In addition to a special Option 719 seat and paint, our R 1250 R tester came equipped with the $2,950 Select package, which bundles hardware options like a centerstand, heated grips, TPMS, Keyless Ride, cruise control, saddlebag mounts, GPS prep and a chrome muffler. It also includes Gear Shift Assist Pro, an up/down quickshifter that works smoothly and easily between most gears except 1st and 2nd, where shifts are too abrupt to go without using the clutch lever. Power gets to the back via BMW’s Paralever shaft final drive, which reduces maintenance chores and keeps throttle changes from affecting the rear suspension.
We like BMW’s largest Roadster model primarily for its simple versatility. The R 1250 R’s seat height is moderate and can be dropped further with a low seat option; the seating position is slightly sporty but comfortable for long rides, with just enough forward lean to fight the wind; and its somewhat wide handlebar and sport-standard running gear lend it to just about every type of riding, from sport-touring (perhaps adding a windscreen and saddlebags) to commuting to sport riding. Our test bike was shod with premium Metzeler Roadtec Z8 17-inch radial tires that grip well and enhance agility, and the bike returns quick, neutral handling to any sort of steering inputs. It helps a lot that the super strong triple disc brakes, USD front and single shock rear suspension are up to any task (in our experience even on the base bike, which has the same fork and adjustable spring preload and rebound damping in the rear only).
Standard equipment also includes two ride modes, Rain and Road; ASC or basic traction control, Integral ABS (linked ABS brakes) and Hill Start Control, which holds the bike at a stop for you on inclines to ease starting out. Software upgrades in the Select package add ABS Pro and Dynamic Traction Control, which enable both at lean angles as well as straight up. Select also adds Ride Modes Pro, which brings Dynamic and Dynamic Pro riding modes (essentially sportier and customizable braking and traction intervention settings), Dynamic Brake Control, which prevents throttle application when the rear brake is applied, and automatic Hill Start Control Pro.
Suffice to say that I sampled most of this stuff and it all works quite well, especially ABS Pro, which keeps the bike from standing up while braking hard in corners. Perhaps the best aspect of the Select package is Dynamic ESA, or electronic suspension adjustment, which BMW has simplified on the 2020 boxer models to the choice of Road or Dynamic damping settings switchable on the fly, and Auto, Maximum or Minimum rear preload, which must be changed at a stop. Auto keeps the ride height correct in back regardless of the load and does its job well but firmly — when I wanted a softer ride and the lowest seat height I switched to Minimum. Dynamic damping mode keeps the bike well controlled in the corners with my 200 pounds and some gear aboard, but was too stiff for commuting, where I found Road mode was more comfortable. The damping changes accordingly when the riding mode is changed, but can be easily overridden with a switch on the left bar.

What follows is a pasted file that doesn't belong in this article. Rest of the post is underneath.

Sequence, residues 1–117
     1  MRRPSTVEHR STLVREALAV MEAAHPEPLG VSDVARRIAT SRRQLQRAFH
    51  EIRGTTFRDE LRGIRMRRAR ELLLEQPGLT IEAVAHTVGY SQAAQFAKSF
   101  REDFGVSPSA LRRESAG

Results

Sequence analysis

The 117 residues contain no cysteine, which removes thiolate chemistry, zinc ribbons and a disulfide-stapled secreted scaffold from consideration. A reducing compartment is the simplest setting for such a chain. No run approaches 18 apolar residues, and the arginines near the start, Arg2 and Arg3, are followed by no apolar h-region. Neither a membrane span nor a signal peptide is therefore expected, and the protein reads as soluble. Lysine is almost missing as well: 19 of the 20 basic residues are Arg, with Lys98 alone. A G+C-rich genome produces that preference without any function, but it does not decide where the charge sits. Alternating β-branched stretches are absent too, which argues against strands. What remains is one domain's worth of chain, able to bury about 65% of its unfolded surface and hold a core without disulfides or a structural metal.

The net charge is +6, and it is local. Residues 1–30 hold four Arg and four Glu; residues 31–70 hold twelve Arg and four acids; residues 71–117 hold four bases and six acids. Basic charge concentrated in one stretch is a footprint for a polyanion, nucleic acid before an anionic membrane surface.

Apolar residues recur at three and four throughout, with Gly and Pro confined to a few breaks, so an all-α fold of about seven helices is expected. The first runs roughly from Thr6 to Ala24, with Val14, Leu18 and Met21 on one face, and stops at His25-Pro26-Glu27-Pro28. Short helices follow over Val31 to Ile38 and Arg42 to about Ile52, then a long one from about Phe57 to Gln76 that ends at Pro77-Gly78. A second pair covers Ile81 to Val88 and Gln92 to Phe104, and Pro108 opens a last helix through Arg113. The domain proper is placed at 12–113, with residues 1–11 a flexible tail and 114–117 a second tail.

This is also home to BMW’s slick Multi Controller wheel for the menus and selections on the R 1250 R’s large 6.5-inch TFT display, the optional GPS unit and the BMW Motorrad Connected navigation app. In addition to vehicle and maintenance monitoring and a robust trip computer, the multifunction display offers Bluetooth smartphone, headset and media connectivity. There’s definitely a learning curve involved, but the display is super bright and easy to read, and once you figure out the basic controls and selections the rest is pretty intuitive.
Thoughtful details on the R 1250 R are easy to take for granted, but I came to appreciate them a lot living with the bike. Convenient right-angle metal valve stems are threaded into a spoke on each cast wheel, for example, where they’re easier to access. Both the clutch and brake lever are adjustable, and despite having halogen bulbs, the standard dual headlight is excellent night and day (as is, I presume, the LED taillight). I like having actual buttons versus electronic menu selections for the heated grips and riding modes, and the optional Keyless Ride system and its fob greatly simplify starting the bike, getting gas and locking the steering. Fuel economy is way up with the Shift Cam engine, too — though our average mpg is only 42.0 thanks to some spirited riding and lost receipts, we regularly saw upwards of 50 mpg on the trip computer, which would give the 4.8-gallon tank terrific range on regular gas.
No doubt many riders overlook the BMW R 1250 R roadster for its sexier, broader-based GS, RS and RT siblings, but even without all of the bells and whistles in the Select package (if you can find a bike without it), the R 1250 R is quite possibly the simpler, better choice for a lot of riders who don’t need more weight and complication in their lives. Isn’t that most of us?